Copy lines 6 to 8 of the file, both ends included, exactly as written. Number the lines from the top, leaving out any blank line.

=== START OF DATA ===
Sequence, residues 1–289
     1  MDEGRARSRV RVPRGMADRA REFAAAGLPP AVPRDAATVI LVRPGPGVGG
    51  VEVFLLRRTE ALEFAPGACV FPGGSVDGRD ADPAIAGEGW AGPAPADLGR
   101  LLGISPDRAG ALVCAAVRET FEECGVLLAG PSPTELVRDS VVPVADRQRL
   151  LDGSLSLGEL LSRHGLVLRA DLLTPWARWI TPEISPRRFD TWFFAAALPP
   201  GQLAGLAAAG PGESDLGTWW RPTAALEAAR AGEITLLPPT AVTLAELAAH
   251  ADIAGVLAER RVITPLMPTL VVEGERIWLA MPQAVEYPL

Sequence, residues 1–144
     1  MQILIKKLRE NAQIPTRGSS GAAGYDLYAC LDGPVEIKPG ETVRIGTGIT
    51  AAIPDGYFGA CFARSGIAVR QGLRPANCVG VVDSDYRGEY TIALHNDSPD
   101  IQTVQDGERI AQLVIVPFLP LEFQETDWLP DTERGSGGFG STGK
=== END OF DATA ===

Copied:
   201  GQLAGLAAAG PGESDLGTWW RPTAALEAAR AGEITLLPPT AVTLAELAAH
   251  ADIAGVLAER RVITPLMPTL VVEGERIWLA MPQAVEYPL

Sequence, residues 1–144